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The kitchen is the work horse of the home and these days needs to be so much more than a place for cooking, chilling, freezing and laundry. Of all the rooms in the home it can be the most expensive to design, refit and decorate because it requires appliances as well as furniture - at the very least a cooker, fridge-freezer, oven and hob and washing machine. And because the kitchen is multifunctional, it is also the room that takes the most planning and leg work.  More
To achieve a dream kitchen, one that is not only functional and practical, but beautiful too, requires research, budgeting and oodles of design inspiration...

Decide on your kitchen layout and appliances

Unless you are lucky enough to be building your own house or planning a new kitchen extension, your kitchen layout will be decided for the most part by the dimensions of your room; the smaller the space, the fewer your choices of kitchen layout. Smaller houses and flats with kitchenette-style areas built off single living/dining rooms tend to house galley, L-shaped or U-shaped kitchens. But designing a dream kitchen can be easiest and least expensive in smaller spaces like this. There is no agonising over which appliances will go where as there tends to be little choice. And that is the joy of the small kitchen: it virtually designs itself. Another is that a small kitchen allows you to use quality materials that would be too expensive in a larger space. Once you have decided on the position of your fridge-freezer, sink, washing machine, cooker, hob, dishwasher and microwave you can give the remaining space over to wall and base unit storage. You’ll also need to spend time researching appliances to find the models that work for you – freestanding or built-in oven; electric, gas, induction or domino hob; washing machine or washer-dryer/tumble dryer? In larger spaces you will have the luxury of thinking about a kitchen beyond the basic functions of cooking, chilling, freezing and washing. You may be able to design a fully open-plan space that opens out to the garden and across your ground floor, incorporating dining, lounging, TV watching and entertaining and homeworking or study – in short, a fully multifunctional family space. In larger homes it might even be possible to remove some basic kitchen functions to other rooms by creating a separate larder, laundry or utility room.

Plan your kitchen storage

There is, let’s face it, an awful lot of stuff to store in a kitchen: food, drink, tableware and cutlery, glassware, pots and pans, utensils, cookware, linens, small appliances such as food mixers and blenders, cleaning and laundry products, refuse and recycling bins - all manner of paraphernalia. If you are budgeting for a small space you are likely, therefore, to want to squeeze in as many units as possible. Remember that drawer units offer more storage capacity than cupboards, always fit the insides of doors with wire shelving for storing smaller items such as medicines or herb and spices, and make use of carousel mechanisms in corner units. Free up cupboards by keeping often-used items that won’t gather dust, such as plates and bowls, on open shelving and by using hooks to hang up pans from wall or ceiling racks. Make sure everything you are storing away is organised and easy to access. Regularly spend time sorting through cupboards and drawers – the better organised your bits and bobs are, the less space they will take up. A larger kitchen space allows you to consider additional features such as kitchen islands and peninsula units, butcher’s blocks, glazed wall units, more extensive open shelving, larder units or kitchen dressers. Or the ultimate luxury in kitchen designing – deciding to leave a space empty. As you plan your storage, factor in your lighting too, so you will always have directed, functional lighting over worktops as well as gentler mood lighting elsewhere.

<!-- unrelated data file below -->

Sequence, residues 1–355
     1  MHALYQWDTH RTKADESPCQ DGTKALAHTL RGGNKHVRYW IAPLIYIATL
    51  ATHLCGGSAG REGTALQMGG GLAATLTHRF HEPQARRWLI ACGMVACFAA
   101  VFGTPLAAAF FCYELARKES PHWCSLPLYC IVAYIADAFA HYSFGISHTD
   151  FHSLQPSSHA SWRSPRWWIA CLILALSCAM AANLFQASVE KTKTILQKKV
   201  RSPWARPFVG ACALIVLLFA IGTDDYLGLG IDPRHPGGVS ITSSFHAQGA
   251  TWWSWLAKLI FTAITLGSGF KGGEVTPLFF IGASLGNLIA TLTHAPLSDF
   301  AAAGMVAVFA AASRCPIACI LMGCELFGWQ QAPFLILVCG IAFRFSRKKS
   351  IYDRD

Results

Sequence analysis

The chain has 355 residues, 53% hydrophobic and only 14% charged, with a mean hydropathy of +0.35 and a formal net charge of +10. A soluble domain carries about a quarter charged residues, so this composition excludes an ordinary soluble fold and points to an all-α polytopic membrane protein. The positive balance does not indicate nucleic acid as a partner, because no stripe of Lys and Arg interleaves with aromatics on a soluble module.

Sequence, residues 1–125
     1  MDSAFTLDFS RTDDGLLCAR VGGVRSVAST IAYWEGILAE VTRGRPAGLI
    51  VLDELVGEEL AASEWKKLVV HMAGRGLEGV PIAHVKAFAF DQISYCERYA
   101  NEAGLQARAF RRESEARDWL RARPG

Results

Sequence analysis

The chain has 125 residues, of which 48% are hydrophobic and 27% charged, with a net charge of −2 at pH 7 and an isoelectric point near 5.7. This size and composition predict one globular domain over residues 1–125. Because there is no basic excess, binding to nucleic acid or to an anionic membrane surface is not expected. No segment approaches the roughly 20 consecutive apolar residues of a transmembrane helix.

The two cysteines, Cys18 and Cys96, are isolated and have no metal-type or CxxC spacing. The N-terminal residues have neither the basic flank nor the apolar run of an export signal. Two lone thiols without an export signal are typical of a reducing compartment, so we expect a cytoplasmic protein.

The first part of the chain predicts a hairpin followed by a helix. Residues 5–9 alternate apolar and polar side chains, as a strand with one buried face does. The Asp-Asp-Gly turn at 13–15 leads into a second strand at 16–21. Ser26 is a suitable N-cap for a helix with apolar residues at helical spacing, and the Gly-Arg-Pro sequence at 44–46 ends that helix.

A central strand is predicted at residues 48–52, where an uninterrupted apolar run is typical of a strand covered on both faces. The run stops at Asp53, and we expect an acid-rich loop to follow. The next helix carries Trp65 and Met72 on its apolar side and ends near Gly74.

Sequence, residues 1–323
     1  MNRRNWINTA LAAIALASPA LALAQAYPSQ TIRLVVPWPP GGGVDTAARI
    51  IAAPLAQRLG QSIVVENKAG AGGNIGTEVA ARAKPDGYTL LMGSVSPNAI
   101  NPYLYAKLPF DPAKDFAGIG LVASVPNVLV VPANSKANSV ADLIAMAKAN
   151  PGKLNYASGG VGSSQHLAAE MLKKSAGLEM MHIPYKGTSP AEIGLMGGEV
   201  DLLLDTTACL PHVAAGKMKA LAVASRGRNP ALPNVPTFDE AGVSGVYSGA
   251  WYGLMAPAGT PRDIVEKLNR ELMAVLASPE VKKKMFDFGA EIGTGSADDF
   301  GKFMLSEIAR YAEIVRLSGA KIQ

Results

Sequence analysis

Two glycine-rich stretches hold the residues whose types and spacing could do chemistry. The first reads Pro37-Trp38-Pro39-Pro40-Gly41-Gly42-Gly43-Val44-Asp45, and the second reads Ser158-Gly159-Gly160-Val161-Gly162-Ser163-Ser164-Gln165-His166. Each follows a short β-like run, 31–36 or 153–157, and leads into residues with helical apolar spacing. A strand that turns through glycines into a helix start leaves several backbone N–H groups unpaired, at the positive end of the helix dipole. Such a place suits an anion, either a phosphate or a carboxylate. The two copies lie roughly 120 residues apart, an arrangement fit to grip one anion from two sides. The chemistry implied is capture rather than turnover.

Choose your kitchen style, materials and colours

Our choice of kitchen style, colour and materials can be very personal, but, alongside budget, will be influenced by the type of home we live in (country cottage, Victorian or Georgian townhouse, modern flat, 1930s semi). Think about what would best suit your own home. This isn’t necessarily an interior design style that reflects the period of your house, but can be a conscious decision to do something very different – many owners of period properties choose no-holds-barred modern kitchens. Most people will go for one of three broad styles: traditional, modern or country and most kitchen manufacturers design their ranges of kitchen cabinetry accordingly. Within each of these core styles there are, of course, all sorts of permutations to make decisions around – fitted, freestanding, Shaker, rustic, painted, hi-gloss, retro. However as kitchens are expensive rooms to fit, remember that whatever style you choose needs to last far longer than the looks you might choose for other rooms in the house. Go for a broader look, rather than something that might be considered a narrower, more passing interiors trend. For example, rather than the recent trends for monochrome, black or colourful designs, there may be more kitchen mileage in classic looks such as white, wood finish, and the traditional muted paint shades of blue, green or grey. Whatever style you choose, it will inform the materials you use throughout the kitchen. If you go for a country-style kitchen chances are you will have painted units, a ceramic butler sink, oak worktops, stone or brick flooring, a butcher’s block and range cooker. Essentials for a modern kitchen would probably include handle-less gloss units, stainless-steel sink and appliances, composite worktops and marble flooring. So the style you choose will, to a large extent, determine the choices you make around the colours and materials that will constitute your dream kitchen.